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The Great Poo Hunt: A comprehensive DNA-based predator scat survey conducted in Tasmania, Australia.

  • Department of Primary Industries, Parks, Water & Environment, Hobart, Australia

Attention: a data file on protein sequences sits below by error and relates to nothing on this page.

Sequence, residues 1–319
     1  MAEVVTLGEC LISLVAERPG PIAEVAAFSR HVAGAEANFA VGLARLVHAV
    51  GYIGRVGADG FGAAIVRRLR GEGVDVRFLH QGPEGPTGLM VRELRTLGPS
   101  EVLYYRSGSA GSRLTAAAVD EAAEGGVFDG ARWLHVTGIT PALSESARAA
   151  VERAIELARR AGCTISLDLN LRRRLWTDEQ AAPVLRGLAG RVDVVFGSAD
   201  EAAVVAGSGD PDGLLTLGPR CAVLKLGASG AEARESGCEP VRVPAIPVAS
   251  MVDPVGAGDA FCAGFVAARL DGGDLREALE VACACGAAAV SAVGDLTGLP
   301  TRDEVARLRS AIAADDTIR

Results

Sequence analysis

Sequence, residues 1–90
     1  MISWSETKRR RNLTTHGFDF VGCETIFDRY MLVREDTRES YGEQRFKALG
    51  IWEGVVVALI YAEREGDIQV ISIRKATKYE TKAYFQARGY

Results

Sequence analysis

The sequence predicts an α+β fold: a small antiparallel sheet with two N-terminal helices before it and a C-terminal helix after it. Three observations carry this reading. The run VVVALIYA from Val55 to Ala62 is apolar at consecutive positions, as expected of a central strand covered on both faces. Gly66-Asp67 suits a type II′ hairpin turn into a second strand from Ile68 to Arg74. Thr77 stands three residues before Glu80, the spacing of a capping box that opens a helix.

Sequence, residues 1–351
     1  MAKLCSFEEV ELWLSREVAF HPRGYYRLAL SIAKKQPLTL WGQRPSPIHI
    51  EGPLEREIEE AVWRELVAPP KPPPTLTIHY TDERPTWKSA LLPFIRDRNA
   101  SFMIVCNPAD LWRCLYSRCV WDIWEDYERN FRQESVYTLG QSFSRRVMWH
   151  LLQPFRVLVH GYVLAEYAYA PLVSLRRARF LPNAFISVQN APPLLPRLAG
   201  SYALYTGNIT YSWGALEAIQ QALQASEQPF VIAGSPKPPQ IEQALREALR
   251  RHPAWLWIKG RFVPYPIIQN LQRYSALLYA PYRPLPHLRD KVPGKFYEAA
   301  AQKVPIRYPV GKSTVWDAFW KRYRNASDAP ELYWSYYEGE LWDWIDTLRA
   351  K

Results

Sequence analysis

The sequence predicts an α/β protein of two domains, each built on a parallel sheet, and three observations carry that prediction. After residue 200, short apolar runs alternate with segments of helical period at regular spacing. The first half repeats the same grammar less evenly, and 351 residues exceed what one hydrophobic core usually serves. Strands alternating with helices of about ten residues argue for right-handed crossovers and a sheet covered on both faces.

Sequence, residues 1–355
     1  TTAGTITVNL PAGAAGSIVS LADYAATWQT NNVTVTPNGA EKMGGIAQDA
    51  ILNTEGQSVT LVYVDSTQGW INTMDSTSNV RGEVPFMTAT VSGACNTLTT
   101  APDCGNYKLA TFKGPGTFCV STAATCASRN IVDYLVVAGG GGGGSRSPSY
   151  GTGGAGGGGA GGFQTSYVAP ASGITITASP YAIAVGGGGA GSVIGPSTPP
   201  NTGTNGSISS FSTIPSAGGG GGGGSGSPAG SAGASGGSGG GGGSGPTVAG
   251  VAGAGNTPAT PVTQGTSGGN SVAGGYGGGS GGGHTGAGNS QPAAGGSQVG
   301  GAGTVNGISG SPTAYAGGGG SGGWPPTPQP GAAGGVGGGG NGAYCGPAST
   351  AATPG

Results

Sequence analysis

Understanding how mammal populations interact with each other and their immediate environment is of critical importance to predicting responses to environmental change while knowledge on diet and distribution of emerging invasive species is vital to management efforts. However, estimating species distributions, let alone interactions among them, has remained problematic through the technical limitations of sampling mammals broadly across landscapes. Here, we report the conduct of a comprehensive systematic predator scat survey in eastern Tasmania aimed at providing spatial and temporal data on the distributions of key mammalian predators and their prey. This approach has been made possible through the application of next generation sequencing approaches to the analysis of trace DNA material obtained from the scats. The 2014 survey is a follow up to a previous survey conducted by DPIPWE’s fox eradication program during 2008-2010. We have collected scats from approximately 300 survey units distributed systematically across the eastern part of Tasmania in Agricultural and Urban environments and Native Grasslands. Each 3km x 3km unit was surveyed for ten person hours using staff and volunteers. Search efforts concentrated on landscape features, such as tracks, fence lines and dam walls, used by predators to navigate through the environment. Scats were collected in paper bags on site using rigorous guidelines to minimise the risk of contamination and maintain the integrity of the samples. Full habitat and locational data were also collected. Dried scats have been sent to the University of Canberra’s specialised trace DNA laboratory for analysis (please refer to Elodie Modave’s poster for further information on analysis). Next generation sequencing of amplified products from each scat will be used to identify the likely predator that passed the scat, and the prey DNA contained within it. We have collected over 4,000 scats during two time periods (2008/09 and 2014): these will be used to infer predator prey interactions in Tasmania and show any changes that may be occurring across time. This information will contribute to the current management of invasive predators and their prey and the understanding of ecosystem change.
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